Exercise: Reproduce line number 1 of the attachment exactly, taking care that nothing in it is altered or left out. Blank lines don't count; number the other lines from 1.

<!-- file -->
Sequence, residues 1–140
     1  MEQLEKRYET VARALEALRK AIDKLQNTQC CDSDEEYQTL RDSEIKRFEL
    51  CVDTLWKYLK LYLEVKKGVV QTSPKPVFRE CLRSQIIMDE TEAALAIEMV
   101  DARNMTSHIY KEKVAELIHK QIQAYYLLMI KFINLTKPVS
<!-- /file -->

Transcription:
Sequence, residues 1–140